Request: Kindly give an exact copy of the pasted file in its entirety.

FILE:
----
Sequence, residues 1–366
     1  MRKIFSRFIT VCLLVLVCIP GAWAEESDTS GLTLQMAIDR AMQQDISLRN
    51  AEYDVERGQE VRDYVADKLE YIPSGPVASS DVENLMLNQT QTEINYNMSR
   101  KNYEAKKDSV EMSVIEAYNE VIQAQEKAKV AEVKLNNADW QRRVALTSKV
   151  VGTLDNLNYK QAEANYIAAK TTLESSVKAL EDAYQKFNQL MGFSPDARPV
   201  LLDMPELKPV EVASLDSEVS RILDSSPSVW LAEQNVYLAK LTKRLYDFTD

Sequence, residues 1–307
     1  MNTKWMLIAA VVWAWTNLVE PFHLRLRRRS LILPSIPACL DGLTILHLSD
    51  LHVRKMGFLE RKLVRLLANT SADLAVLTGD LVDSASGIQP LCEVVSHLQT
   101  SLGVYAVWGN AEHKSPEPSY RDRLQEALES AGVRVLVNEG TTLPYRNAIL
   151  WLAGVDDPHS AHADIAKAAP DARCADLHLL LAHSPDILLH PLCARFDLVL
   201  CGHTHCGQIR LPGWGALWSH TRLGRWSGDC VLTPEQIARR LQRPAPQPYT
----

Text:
Sequence, residues 1–366
     1  MRKIFSRFIT VCLLVLVCIP GAWAEESDTS GLTLQMAIDR AMQQDISLRN
    51  AEYDVERGQE VRDYVADKLE YIPSGPVASS DVENLMLNQT QTEINYNMSR
   101  KNYEAKKDSV EMSVIEAYNE VIQAQEKAKV AEVKLNNADW QRRVALTSKV
   151  VGTLDNLNYK QAEANYIAAK TTLESSVKAL EDAYQKFNQL MGFSPDARPV
   201  LLDMPELKPV EVASLDSEVS RILDSSPSVW LAEQNVYLAK LTKRLYDFTD

Sequence, residues 1–307
     1  MNTKWMLIAA VVWAWTNLVE PFHLRLRRRS LILPSIPACL DGLTILHLSD
    51  LHVRKMGFLE RKLVRLLANT SADLAVLTGD LVDSASGIQP LCEVVSHLQT
   101  SLGVYAVWGN AEHKSPEPSY RDRLQEALES AGVRVLVNEG TTLPYRNAIL
   151  WLAGVDDPHS AHADIAKAAP DARCADLHLL LAHSPDILLH PLCARFDLVL
   201  CGHTHCGQIR LPGWGALWSH TRLGRWSGDC VLTPEQIARR LQRPAPQPYT